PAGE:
We are excited to be able to connect, protect, and celebrate our waters with our community online, and we appreciate you standing with us in our mission to achieve a cleaner future for all.
Interested in donating an item or becoming a sponsor? Contact CHB’s Development Director Katy Stone at firstname.lastname@example.org or (253) 383-2429 Ext. 4
Thank You to our Current Auction Sponsors
Puyallup Tribe of Indians
Financial Insights – Tides Tavern – Schnitzer Steel – Wildlife Forever Fund
Patagonia – University of Puget Sound – Dependable IT Support – Floyd Snider
Lancer Hospitality – The Pacific Northwest Shop
Compared to the last few months, our Bay Patrols in March were relatively… boring. No new shipwrecks, no vessels on fire, and no barges endangering sensitive eelgrass beds! Nothing but a little love and hard work!
One of the goals for our Bay Patrol program is to have a consistent presence in Commencement Bay, and to monitor all of Tacoma’s 13 miles of shoreline – this includes the Foss, Middle, Sitcum, Blair, and Hylebos Waterways, as well as the area along Marine View Drive to Browns Point, along Ruston Way to Point Defiance, and through the Tacoma Narrows. This month we patrolled each waterway at least twice for a total of ten patrols this month, and 24 for the year so far.
As for a little love on the water – on Saturday, March 20th, CHB had the privilege of taking part in the union of Jenna and Andy. Retreating to the calmer waters around Owen Beach, Jenna and Andy who both have a love for marine waters and wildlife, tied the ‘naut’ aboard our Bay Patrol vessel. If this is something you and your partner are interested in, this experience will be on of the many amazing items you can bid on at our Cheers to a Healthy Bay virtual auction, coming up May 21st through May 29th!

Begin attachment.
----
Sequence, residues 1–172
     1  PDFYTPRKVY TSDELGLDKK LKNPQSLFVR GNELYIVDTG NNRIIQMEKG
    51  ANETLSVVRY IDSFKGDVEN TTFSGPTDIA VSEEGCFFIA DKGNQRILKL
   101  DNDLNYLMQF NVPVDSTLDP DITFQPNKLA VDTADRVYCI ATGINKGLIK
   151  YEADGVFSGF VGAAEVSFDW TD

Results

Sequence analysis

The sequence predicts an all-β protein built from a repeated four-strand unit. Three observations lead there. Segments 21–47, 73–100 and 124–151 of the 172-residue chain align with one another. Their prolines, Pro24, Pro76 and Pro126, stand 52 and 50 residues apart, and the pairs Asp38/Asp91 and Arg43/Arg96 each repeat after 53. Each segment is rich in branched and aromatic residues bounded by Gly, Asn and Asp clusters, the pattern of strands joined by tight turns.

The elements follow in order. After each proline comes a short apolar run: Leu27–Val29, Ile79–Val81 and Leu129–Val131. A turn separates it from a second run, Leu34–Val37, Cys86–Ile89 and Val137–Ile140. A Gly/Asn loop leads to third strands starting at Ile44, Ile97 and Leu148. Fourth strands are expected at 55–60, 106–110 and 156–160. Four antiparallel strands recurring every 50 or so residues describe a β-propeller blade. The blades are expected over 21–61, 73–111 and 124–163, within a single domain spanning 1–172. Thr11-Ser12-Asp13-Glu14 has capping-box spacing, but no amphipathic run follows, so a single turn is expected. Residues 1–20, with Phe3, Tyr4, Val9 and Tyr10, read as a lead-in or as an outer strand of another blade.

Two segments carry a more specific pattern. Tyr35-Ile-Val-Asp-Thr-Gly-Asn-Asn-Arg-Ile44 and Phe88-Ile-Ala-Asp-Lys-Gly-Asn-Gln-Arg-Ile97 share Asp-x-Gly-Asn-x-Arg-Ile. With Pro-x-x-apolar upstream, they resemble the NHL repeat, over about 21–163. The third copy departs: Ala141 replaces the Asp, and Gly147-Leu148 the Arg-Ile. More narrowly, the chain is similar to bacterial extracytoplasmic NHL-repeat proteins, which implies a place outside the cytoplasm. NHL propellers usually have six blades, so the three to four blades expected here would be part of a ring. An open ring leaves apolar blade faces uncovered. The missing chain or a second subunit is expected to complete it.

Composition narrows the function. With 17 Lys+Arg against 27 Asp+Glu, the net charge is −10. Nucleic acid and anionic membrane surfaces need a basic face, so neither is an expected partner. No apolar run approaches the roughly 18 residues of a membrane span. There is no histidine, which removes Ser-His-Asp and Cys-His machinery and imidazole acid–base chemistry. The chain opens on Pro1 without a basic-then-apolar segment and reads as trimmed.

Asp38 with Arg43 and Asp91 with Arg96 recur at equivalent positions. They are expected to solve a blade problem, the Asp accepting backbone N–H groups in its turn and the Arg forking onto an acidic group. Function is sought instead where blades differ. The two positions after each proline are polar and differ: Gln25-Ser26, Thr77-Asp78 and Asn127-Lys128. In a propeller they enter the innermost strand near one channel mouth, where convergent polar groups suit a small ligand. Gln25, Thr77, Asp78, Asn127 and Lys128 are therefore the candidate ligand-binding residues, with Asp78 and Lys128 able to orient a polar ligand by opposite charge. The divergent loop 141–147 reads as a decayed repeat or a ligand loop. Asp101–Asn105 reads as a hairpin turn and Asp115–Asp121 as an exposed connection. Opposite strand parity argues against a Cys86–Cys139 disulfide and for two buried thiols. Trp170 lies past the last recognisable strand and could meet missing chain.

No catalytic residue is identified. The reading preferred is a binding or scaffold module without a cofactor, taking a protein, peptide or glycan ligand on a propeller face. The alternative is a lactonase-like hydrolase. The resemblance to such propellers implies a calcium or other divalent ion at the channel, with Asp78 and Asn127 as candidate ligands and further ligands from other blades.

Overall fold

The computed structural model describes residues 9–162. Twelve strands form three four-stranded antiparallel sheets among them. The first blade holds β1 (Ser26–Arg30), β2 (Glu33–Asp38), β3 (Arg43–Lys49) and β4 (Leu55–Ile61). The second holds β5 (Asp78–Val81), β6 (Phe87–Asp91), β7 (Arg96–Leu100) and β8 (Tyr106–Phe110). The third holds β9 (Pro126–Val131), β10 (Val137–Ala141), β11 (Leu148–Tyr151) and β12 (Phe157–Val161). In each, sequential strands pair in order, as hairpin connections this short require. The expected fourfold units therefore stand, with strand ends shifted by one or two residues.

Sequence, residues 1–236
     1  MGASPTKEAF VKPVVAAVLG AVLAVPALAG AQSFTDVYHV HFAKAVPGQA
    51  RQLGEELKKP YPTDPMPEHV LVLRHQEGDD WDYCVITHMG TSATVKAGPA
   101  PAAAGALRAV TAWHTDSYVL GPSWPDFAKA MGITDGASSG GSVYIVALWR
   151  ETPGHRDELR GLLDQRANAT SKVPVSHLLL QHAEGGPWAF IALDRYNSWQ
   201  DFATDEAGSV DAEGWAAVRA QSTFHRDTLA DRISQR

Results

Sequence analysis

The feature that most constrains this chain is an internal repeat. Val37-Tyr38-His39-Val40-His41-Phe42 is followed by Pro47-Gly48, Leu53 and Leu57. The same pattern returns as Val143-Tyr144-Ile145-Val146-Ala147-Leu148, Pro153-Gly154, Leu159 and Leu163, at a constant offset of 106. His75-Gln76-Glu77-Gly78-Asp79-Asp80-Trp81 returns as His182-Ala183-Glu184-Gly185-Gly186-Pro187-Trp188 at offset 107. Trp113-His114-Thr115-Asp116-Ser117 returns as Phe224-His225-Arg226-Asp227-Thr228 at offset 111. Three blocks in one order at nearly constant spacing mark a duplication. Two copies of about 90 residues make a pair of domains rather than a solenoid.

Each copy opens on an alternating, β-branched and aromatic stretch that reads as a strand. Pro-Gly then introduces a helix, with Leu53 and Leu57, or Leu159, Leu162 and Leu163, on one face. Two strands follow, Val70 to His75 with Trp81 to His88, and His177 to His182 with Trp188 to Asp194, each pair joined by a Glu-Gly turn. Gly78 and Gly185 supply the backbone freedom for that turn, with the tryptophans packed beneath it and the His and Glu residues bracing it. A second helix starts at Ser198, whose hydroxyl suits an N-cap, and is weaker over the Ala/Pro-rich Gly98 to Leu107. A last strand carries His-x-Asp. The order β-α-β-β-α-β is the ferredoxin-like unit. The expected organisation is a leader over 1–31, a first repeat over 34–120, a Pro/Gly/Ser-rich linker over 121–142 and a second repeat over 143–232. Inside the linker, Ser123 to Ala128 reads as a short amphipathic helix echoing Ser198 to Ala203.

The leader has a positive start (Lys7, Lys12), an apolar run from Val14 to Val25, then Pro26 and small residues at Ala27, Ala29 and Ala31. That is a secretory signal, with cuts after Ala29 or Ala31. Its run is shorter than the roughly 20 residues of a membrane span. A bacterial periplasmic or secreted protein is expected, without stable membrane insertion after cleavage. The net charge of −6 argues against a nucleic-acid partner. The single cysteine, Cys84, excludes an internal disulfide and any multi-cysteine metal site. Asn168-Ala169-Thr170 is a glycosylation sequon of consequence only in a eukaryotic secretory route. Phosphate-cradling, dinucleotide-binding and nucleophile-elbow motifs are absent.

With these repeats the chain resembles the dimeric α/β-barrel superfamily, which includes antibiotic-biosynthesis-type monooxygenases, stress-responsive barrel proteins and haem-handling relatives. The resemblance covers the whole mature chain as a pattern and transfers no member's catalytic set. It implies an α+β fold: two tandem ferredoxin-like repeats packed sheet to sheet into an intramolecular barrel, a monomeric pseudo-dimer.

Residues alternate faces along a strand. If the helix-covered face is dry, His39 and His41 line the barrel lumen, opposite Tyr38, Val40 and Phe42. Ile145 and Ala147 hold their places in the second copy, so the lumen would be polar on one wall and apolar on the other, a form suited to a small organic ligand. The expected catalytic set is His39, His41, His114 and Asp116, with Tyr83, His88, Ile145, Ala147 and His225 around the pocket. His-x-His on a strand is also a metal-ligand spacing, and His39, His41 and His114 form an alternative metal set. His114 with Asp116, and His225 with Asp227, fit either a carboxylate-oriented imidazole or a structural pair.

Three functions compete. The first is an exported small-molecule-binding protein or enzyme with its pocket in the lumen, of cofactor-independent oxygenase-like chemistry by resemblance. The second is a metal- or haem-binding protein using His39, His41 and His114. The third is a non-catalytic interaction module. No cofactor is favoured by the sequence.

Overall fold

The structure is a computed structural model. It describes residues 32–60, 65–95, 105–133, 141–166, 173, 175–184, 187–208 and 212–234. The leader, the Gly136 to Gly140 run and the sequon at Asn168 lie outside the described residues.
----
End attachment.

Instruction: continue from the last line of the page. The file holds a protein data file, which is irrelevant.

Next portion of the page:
CHB has been partnering with the City of Tacoma to update their Environmental Action Plan with a renewed focus on climate action and environmental justice. This process has multiple phases, and we can now share with you the full results of Phase I of community engagement.
Over 450 community members shared their thoughts through surveys, visioning activities, and interviews. We disaggregated data to see what priorities were mentioned more frequently by people of color (POC), youth, or low-income respondents in comparison to the other demographic groups to ensure frontline communities priorities were being heard. Access to urban green spaces was mentioned more frequently by POC, youth respondents prioritized the need for a healthy ecosystem, and low-income respondents mentioned housing access more than other groups. Other top sustainability priorities include high-functioning public transportation, resource management, and renewable energy.
Respondents also identified potential barriers to sustainability. The most frequently mentioned barrier by all demographic groups, and of particular concern to youth respondents, was a lack of support and leadership from the government and the influence of special interest groups. Low-income and POC respondents were particularly concerned about the community’s lack of essential services and basic needs as a barrier to action. A lack of cultural values and social norms that promote sustainability and a lack of incentives for businesses to take responsibility for their impact were also top mentioned barriers.
Read the Climate Action Planning Report for full details on the purpose, methods and results of Phase I. Phase II of community engagement will begin in May with a series of workshops where community members will dive deeper into current greenhouse gas emissions and possible climate actions. Stay tuned for workshop dates and other ways you can get involved!